I felt horrible -- absolutely horrible -- after getting out of the relationship with the Borderline. I know, this is a pretty straightforward one. The holidays are particularly tough when you're alone and you've just gotten out of a relationship with a Borderline. You feel numb.

20 Good Things About Me
One of the things I did was write down 20 good things about me. It's a silly self esteem exercise, but it works.

If you're feeling real bad about yourself, start with ten good things. Write them down. Then, go to the mirror and read them to yourself while looking at yourself. This should help make yourself feel better and actually works.

Self Affirming Statements
When you're feeling real bad about yourself, the self affirming statements can make you feel good about yourself, real quickly. How do you do them? It's real easy.

First, write down a number of statements that are in this format:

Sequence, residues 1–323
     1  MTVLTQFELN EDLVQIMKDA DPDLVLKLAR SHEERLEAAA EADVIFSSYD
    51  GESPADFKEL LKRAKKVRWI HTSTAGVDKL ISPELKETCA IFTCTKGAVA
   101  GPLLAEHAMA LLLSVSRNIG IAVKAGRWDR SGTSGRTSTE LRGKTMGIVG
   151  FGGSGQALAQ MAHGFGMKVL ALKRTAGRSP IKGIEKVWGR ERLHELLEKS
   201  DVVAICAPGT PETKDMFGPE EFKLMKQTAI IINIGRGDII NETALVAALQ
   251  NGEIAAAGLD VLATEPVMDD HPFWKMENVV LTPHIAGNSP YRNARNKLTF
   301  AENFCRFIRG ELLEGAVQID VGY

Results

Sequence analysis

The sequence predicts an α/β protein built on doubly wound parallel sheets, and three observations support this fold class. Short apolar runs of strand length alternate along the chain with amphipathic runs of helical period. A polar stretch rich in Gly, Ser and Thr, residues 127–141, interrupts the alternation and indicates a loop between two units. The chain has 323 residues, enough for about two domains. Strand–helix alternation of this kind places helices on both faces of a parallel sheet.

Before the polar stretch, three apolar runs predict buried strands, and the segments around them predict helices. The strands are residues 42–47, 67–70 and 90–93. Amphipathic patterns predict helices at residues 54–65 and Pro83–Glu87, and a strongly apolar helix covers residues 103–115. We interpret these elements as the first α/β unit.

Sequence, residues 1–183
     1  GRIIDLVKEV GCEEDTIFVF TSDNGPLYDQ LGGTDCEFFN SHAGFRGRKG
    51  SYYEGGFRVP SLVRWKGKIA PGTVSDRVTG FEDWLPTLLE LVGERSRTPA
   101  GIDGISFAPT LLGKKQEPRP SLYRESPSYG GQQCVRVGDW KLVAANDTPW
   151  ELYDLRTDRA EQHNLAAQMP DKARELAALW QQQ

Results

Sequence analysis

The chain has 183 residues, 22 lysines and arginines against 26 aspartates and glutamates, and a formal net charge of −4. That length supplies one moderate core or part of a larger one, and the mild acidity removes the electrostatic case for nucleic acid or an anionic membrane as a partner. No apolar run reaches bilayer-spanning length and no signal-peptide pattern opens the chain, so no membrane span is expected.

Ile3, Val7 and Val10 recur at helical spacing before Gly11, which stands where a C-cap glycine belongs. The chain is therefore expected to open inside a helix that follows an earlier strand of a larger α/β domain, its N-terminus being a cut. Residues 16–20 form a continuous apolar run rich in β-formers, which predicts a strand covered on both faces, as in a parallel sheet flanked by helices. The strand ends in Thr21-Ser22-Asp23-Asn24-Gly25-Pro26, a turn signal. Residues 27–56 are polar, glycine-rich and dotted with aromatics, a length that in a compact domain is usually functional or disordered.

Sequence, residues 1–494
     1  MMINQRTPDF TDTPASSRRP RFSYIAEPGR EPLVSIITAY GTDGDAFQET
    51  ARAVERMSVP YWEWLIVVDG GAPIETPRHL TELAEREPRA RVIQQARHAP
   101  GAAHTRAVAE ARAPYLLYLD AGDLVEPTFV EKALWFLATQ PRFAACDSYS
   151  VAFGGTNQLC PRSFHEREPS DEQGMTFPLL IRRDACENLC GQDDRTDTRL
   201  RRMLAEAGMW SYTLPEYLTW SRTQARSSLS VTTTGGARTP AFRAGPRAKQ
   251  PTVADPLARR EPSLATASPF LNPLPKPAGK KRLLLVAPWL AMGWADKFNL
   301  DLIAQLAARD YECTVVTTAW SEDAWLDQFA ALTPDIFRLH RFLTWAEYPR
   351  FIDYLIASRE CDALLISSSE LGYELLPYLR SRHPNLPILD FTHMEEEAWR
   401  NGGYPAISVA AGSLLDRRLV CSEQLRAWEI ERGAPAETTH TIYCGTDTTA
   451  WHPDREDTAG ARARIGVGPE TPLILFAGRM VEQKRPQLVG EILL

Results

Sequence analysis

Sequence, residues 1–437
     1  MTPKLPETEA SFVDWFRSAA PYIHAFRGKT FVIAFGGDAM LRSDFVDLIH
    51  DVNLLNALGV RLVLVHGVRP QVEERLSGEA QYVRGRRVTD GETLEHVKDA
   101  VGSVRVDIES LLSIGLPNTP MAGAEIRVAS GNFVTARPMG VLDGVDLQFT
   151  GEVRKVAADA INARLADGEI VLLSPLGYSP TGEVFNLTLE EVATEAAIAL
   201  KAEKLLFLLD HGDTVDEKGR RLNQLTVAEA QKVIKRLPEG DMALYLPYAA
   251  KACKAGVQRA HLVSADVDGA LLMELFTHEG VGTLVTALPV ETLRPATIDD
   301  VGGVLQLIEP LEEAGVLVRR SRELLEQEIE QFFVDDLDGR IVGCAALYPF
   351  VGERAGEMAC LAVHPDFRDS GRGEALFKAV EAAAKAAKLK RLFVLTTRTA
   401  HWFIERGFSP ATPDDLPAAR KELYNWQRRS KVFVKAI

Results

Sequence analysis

- I'm a good person
- I'm a smart person
- I'm an attractive person
- I deserve a great relationship
- I deserve someone who treats me well
- I deserve goodness
- Goodness is what I am going to get in life

Say them to yourself daily; say them hourly if you need to. Saying these things will help you fell much better about yourself and will keep you in the right place mentally.

When you're deep in cardiovascular exercise, huffing and puffing, how can you feel bad about yourself? Something magical happens when you work out. I'm not sure what it is, but you concentrate on the effort at hand, and the rest of the world becomes okay for that time. I highly recommend exercising when you're feeling bad.

If you've read the blog, you knew that this one was going to come out. Prayer will heal most everything. I'll tell you amazing stories of salvation and redemption that occur through prayer, and I personally can attest to this.

Pray to God to help unleash you from the pain and suffering that you are experiencing. Pray to God for clarity, for understanding and to help understand why these things have happened. Pray to God so he can help make you feel better.

It works. It has worked for me, and it can work for you too.

Happy New Year